If you are planning to end your marriage, you may have some concerns about your future finances. After all, you may have to adjust to living on a single income. Fortunately, if you are not able to make ends meet following your divorce, you may be eligible for spousal support. 

In the Sunshine State, divorcing spouses receive an equitable share of the marital estate. In addition to receiving your fair share of marital wealth, you may also be able to seek spousal support. Sometimes called alimony or maintenance, spousal support is money one ex-spouse pays to the other. 

Types of spousal support 

You may think of spousal support as an ongoing payment. That may not be the case, though. On the contrary, state law contemplates a few different types of spousal support. These include the following: 

  • Temporary support, where you receive support only until divorce proceedings conclude 
  • Bridge-the-gap support, where you receive enough support to start your new life after your divorce 
  • Rehabilitative support, where you receive support to help you pay for educational expenses or vocational training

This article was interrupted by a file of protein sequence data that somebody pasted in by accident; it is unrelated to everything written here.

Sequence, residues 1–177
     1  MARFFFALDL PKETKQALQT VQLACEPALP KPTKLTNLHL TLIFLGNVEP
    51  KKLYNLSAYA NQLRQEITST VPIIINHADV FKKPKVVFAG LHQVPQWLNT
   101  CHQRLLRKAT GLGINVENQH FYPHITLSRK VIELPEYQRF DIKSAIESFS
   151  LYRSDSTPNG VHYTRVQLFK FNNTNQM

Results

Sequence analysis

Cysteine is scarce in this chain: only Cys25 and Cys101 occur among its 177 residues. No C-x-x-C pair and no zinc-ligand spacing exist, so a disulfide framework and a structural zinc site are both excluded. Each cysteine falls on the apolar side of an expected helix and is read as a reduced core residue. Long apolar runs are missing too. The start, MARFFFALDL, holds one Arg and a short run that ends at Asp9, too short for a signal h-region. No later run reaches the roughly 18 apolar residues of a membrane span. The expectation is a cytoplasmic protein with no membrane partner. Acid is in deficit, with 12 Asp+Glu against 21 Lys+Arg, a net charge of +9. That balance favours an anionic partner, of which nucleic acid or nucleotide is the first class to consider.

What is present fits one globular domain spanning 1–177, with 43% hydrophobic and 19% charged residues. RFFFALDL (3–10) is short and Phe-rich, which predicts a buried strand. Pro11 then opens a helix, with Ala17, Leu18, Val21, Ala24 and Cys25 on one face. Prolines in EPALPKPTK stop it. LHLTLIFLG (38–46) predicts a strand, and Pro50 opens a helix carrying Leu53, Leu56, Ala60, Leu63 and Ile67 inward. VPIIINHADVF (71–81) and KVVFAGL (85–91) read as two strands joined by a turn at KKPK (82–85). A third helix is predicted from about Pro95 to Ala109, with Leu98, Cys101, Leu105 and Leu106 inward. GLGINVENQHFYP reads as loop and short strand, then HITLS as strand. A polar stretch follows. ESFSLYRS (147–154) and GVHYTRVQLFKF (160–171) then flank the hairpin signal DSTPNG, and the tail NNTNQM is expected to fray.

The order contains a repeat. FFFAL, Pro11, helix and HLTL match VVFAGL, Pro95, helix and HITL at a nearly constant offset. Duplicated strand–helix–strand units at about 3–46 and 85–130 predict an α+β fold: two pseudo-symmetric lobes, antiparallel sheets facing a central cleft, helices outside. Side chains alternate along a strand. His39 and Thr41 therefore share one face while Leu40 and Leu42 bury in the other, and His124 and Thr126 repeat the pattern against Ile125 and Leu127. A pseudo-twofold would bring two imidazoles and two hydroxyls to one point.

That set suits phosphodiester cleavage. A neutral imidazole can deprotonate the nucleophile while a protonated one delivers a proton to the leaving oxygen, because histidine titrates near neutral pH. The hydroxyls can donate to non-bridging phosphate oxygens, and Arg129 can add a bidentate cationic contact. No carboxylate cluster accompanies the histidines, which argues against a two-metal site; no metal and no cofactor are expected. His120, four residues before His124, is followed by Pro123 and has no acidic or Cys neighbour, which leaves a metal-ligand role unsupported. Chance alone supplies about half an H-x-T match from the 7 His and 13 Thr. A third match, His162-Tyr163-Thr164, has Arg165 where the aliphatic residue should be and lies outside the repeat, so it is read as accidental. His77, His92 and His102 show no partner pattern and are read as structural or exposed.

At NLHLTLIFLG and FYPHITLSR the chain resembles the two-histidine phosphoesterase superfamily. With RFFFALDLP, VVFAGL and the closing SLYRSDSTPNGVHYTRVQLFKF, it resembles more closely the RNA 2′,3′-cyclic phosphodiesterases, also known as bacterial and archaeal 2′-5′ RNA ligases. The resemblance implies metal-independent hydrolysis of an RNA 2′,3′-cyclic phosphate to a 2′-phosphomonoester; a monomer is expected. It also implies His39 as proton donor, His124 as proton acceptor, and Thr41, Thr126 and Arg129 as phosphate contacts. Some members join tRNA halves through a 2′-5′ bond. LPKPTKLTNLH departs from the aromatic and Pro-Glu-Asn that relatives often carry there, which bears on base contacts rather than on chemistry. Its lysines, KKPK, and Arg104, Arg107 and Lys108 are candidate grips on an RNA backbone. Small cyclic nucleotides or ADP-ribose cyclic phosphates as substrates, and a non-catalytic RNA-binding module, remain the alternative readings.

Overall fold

• Durational support, where you receive support for a short time, usually equal to the length of your marriage 
  • Permanent support, where you receive ongoing support 

Factors in awarding spousal support 

Judges do not award spousal support in every case. Rather, spousal support should level the playing field when one spouse has a better financial position than the other. To determine if an individual should receive spousal support, Florida judges carefully weigh a set of factors. Specifically, you can expect the judge in your case to consider the following: 

  • Your standard of living during the marriage 
  • The length of your marriage 
  • The contributions you made to the marriage 
  • Your age and income potential 
  • Your economic situation 

While it is normal to worry about finances after a divorce, you may not have to surrender your current standard of living. By understanding how spousal support works, you can better advocate for your post-divorce financial interests.